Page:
The general decline of most of these large wells is comparatively rapid. One noteworthy exception, however, deserves especial mention. The Gypsy Oil Company's well No. 5 on the Shumway lease (center location along west side of SW NE, sec. 11, T. 26 S., R. 4 E.) was not only the most prolific well in the Eldorado pool, but probably produced more oil than any other well ever drilled in the Midcontinent field. Completed on September 7, 1917, and with the tools in the hole, the production for the first twenty-four hours was estimated by the company to be 12,000 barrels, and for the second twenty-four hours 14,000 barrels. On September 10 the flow was gauged for one hour, and amounted to 800 barrels, or at a rate for this hour of about 19,000 barrels per day. The tools remained in the hole until about Christmas, by which time the daily production had gradually declined to about 10,000 barrels. The removal of the tools at this time increased the daily production to about 14,000 barrels, after which it declined gradually until it amounted to 8,500 barrels on April 8, 1918. This was the day when well No. 13, located about 650 feet to the northeast, was brought in with a daily initial production of 17,000 barrels. The production of No. 5 seemed not to be affected by No. 13 for the first two days, but then a rapid decline set in and six days later its production was but 5,800 barrels, and after a few more days had ceased entirely. It is probable that during the 222 days of its flowing life its total production amounted to about 2,500,000 barrels.

Plate V—--C, Gypsy Oil Company's Shumway well No. 5.

Gypsy Oil Company's Shumway well No. 5.

In contrast to this long-lived gusher is the history of the Empire Gas and Fuel Company's Shriver farm well No. 3 (northeast corner NW sec. 14, T. 26 S., R. 4 E.), which when brought in, early in October, 1917, was reported to have flowed 144 barrels in nine minutes, or at the rate of about 23,000 barrels per day. The lack of available tankage caused the management to close in the well, but a few days later, when storage was available and the well opened, salt water instead of oil poured forth. A small production was later obtained.

The Smock pool, which is distinct from the main Eldorado field, was discovered early in March by the Haverhill Petroleum Company bringing in a 500-barrel well on the Smock farm (southwest corner location in NE, sec. 2, T. 27 S., R. 5 E.). The pay was found at a depth of 2,642-2,657 feet, and probably is in the Stapleton zone. The subsequent drilling in this vicinity has since developed a pool more than one and one-half miles long and hardly more than one-fourth mile wide.

Early in May the main Eldorado field was again extended, this time about two miles to the south, by the Page-Lewis Oil Company bringing in Koogler farm well No. 1 (northwest corner NE, sec. 30, T. 26 S., R. 5 E.), drilled to the Stapleton pay zone, found at a depth of 2,605 feet. The initial production obtained in the top of the pay zone was small, but on drilling deeper, late in August, the production increased to 500 barrels.

The next extension of importance was toward the northeast on the Robinson dome and took place early in August. It was the Theta Oil Company's L. W. Robinson farm well No. 1 (center location, along south line SW NE,, sec. 3, T. 25 S., R. 5 E.), which was reported to be good for 1,900 barrels, in the Stapleton pay zone. The producing area on this dome has been demonstrated to be separated from both the main field and the Wilson domes by barren territory.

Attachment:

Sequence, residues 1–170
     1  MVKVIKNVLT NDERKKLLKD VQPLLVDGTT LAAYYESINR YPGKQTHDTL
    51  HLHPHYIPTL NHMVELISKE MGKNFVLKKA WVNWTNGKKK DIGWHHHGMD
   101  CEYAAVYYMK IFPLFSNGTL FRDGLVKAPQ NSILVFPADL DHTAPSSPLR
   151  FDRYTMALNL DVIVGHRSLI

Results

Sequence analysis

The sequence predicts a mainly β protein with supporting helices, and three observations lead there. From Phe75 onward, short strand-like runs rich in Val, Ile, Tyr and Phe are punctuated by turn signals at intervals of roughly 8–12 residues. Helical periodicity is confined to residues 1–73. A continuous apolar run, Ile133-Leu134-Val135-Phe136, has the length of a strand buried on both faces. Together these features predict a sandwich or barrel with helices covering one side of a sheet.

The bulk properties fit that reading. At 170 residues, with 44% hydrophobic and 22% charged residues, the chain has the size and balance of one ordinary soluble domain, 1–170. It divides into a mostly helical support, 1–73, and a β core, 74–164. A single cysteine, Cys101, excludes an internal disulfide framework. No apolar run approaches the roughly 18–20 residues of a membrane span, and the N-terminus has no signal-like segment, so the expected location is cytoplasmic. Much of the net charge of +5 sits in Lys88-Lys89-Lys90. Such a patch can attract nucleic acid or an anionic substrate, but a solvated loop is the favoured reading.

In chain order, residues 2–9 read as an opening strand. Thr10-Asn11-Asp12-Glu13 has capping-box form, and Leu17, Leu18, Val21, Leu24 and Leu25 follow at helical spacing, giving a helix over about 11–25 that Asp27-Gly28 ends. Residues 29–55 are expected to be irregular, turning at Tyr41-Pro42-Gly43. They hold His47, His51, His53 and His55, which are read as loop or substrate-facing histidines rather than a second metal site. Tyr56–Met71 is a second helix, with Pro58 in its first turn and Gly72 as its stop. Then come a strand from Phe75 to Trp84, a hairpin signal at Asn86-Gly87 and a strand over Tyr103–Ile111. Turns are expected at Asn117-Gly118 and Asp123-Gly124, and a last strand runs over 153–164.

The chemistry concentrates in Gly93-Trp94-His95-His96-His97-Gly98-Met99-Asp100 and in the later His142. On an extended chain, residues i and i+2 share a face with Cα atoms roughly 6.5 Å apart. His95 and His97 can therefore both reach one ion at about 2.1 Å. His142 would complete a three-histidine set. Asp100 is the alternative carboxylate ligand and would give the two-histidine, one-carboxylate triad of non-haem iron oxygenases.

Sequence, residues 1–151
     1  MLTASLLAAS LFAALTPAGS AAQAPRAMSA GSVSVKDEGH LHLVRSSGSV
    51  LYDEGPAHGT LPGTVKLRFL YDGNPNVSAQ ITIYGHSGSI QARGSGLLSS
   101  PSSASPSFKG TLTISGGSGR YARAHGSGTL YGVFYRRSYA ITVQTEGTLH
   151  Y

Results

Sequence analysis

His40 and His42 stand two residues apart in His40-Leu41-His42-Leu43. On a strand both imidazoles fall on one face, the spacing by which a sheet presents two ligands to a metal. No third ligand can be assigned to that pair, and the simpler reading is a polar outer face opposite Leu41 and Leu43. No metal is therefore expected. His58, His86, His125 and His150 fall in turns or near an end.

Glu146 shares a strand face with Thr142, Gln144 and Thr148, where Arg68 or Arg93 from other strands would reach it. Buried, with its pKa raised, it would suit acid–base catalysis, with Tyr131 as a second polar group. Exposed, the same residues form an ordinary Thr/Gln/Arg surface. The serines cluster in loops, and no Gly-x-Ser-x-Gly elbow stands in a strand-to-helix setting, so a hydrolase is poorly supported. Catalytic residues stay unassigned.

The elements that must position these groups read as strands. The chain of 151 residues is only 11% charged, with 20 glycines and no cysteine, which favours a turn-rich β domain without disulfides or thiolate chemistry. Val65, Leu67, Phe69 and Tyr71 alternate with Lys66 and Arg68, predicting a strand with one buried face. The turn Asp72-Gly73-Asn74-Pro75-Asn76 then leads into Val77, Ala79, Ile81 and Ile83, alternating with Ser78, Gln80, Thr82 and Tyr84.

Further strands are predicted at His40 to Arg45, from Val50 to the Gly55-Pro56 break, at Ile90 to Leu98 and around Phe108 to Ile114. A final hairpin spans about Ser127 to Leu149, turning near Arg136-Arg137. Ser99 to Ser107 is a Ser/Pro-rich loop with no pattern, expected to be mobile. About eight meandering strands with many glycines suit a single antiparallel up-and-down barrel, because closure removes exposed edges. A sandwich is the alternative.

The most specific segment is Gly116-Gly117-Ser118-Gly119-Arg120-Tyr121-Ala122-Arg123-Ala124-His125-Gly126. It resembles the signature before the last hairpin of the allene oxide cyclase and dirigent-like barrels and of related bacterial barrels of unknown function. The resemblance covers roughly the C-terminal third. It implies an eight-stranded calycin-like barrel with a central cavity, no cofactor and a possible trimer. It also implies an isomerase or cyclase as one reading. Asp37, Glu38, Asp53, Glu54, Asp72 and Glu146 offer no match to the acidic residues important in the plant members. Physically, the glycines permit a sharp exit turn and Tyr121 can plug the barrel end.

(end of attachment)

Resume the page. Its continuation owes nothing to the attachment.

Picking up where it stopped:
The Sluss pool, located principally on the Sluss farm, in secs. 25 and 26, T. 26 S., R. 5 E., lying about one and one-half miles north of the Smock pool, was opened early in August by Messrs. Patton, Dingee & Davis, who drilled a well in the southeast corner NE SE, sec. 26, finding a pay zone at a depth of 2,688-2,785 feet, which probably should also be correlated with the Stapleton pay zone. The initial daily production of this well was about 100 barrels. Like the Smock pool, it too is structurally unrelated to production from the Eldorado anticline.

On August 26, 1917, in the main field a further extension to the south was proved by the bringing in by the McK Oil Company of an 800-barrel Stapleton pay-zone well in the northeast corner of sec. 31, T. 26 S., R. 5 E., on the Nuttle lease.

The year 1917 was principally a year of extensions. The limits of production were largely although not completely defined by the end of 1917. With the extensive developments of the prolific Stapleton pay zone during 1917, the production of the Eldorado field increased in proportion, and during a part of September exceeded 100,000 barrels per day.

An eastward extension of the production on the Robinson dome was developed in the W2, sec. 2, T. 25 S., R. 5 E., in 1918, and proved this territory to be richly productive. In contrast to 1917, the year 1918 was a period of intensive development, the drilling being principally on territory proved productive during 1917, i. e., inside drilling. With the great increase in number of wells, almost all of which were drilled to the Stapleton pay zone, a high production was maintained from March to September (see plate 11), and as a result the total production of 1918 nearly doubled that of 1917.

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Kansas Geological Survey, Geology
Placed on web July 28, 2017; originally published 1921.